Big airliners of the 1930s
Blohm und Voss Ha139, Dewoitine 338 and Short Empire Class flying boat
Wandering around the Gallery of 1930s aircraft the other day I could not help but notice how many single engines aircraft there were. Many of them were fighters, demonstrating the rapid developments of aeronautics during the decade and the threat of war that spurred the rapid development of aviation towards the end of the 1930s. However, standing above the single engines aircraft were the big silver civil aircraft of the period. So I thought we might single out three of them for a closer look. All three were designed and used to provide air links between a central European country and possessions or spheres of influence in distant parts of the world.
The least numerous of these is the Blohn und Voss Ha139, a floatplane designed to carry air mail on a route between Germany and South America. There was no provision for passengers on this aircraft but it could carry half a tonne of mail over a distance of 500 kilometers. It might not have been very comfortable for passengers because, on the flight to South Americas, the Ha139 landed on the ocean near a ship waiting for it to refuel and was then launched from the ship on a catapult to continue its journey. Only three were built and they were turned to military use during the Second World War.
This model was made from the rather rare Air Craft 1/144 vacformed kit which also has some white metal parts. It is actually a difficult model to assemble and I would not recommend it to anyone who lacked a lot of experience in these kinds of models. Mach 2 offer as militarized version of the Ha139 in 1/72 scale but it might be a severe challenge to convert that kit to the civil version successfully.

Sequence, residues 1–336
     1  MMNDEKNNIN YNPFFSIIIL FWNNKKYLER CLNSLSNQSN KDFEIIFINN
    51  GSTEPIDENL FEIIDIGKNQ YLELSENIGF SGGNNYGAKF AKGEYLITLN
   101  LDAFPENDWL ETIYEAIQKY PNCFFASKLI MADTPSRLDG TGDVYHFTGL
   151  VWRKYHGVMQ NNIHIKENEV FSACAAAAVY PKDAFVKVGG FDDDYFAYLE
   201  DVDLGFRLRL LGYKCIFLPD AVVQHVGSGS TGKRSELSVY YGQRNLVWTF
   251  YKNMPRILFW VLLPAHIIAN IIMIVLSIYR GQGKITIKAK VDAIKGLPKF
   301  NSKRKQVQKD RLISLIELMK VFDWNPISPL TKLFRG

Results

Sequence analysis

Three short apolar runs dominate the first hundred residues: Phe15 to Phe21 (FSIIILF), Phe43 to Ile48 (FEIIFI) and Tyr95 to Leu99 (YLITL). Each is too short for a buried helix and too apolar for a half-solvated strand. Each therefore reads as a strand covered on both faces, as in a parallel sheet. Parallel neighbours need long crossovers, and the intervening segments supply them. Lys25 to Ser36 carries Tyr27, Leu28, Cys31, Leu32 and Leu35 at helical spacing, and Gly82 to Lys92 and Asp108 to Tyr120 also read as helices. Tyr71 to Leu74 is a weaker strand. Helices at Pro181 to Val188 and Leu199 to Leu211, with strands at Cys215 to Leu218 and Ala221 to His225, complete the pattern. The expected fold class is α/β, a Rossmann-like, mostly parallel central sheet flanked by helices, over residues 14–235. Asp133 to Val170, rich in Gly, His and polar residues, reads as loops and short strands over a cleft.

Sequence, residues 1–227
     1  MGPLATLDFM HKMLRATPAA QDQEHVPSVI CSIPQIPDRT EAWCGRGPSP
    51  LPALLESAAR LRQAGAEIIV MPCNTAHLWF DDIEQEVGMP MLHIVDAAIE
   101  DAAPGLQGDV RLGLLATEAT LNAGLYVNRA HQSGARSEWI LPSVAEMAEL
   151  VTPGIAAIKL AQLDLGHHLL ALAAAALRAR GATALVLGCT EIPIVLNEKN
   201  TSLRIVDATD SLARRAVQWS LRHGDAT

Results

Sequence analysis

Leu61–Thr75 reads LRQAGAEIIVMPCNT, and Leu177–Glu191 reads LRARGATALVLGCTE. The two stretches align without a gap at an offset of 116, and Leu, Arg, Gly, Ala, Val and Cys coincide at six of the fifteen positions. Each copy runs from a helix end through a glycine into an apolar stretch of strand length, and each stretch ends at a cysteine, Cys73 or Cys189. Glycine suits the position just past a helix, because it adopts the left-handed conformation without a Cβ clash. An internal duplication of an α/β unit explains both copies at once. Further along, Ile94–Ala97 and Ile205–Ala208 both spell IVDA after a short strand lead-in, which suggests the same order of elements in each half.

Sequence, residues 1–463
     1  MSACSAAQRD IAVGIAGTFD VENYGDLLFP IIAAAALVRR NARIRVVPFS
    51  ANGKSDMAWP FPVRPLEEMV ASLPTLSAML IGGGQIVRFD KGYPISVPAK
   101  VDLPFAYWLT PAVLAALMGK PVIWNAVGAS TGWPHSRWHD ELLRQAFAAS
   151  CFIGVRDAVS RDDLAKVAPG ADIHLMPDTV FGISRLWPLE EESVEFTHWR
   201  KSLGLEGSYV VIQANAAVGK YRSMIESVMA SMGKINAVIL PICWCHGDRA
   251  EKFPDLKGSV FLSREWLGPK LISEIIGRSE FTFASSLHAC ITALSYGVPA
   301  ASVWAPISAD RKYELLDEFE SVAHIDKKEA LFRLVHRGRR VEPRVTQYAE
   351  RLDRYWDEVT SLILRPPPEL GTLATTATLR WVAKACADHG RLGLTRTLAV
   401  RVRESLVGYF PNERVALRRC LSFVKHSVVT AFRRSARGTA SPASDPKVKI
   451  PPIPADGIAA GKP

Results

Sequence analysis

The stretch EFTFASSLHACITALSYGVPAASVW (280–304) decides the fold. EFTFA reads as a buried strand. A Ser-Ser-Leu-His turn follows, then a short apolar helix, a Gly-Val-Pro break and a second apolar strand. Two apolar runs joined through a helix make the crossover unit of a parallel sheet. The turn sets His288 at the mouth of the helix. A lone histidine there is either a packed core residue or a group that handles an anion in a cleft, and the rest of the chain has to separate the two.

The French Dewoitine 338 was a stretched and improved version of the earlier Dewoitine 333 airliner trimotor (which is also in the Gallery). Air France bought 31 of these aircraft and used them first on European routes but later used them to fly to Dakar, Hanoi and Hong Kong. They continued to serve during World War II as troop transports for French and German airlines.
This model was made from the F-Rsin 1/144 resin kit and goes together very easily because it had few parts and is generally very well moulded for a kit of this size. I have seen a vacform kit in 1/144 offered by Air Craft and there is a 1/72 kit offered by Broplan, but it is a vacform kit and I have had no success in trying make one of those well. So if you can find the F-Rsin kit that is the one to go.
The Short Empire Class flying boat (also referred to as the C-Class) was designed and built to link distant members of the British Empire with air mail and passenger services. Forty-two were built and flew mainly for Britain’s Imperial Airways with a few operated by Qantas Empire Airways and Tasman Empire Airways Limited (which much later became Air New Zealand). At the beginning of World War II they were flying from Britain to destinations including Australia, New Zealand and South Africa. Like the Ha139 and Dewoitine 338 they were also turned to military use during the war. (The aircraft represented here was shot down by the Japanese in 1942.)
This model was made from the Welsh Models vacform kit with engines and propellers from an aftermarket set. Like most vacformed kits, it is not impossible to make but needs a lot more care and experience than is needed for the average injection moulded kit. Since I made this model Welsh Models have released a fully resin kit which is available in Imperial Airways and TEAL markings, and that would be the way to go if you want a model of this airliner. In 1/72 CMR have offered a resin kit which would look magnificent when completed.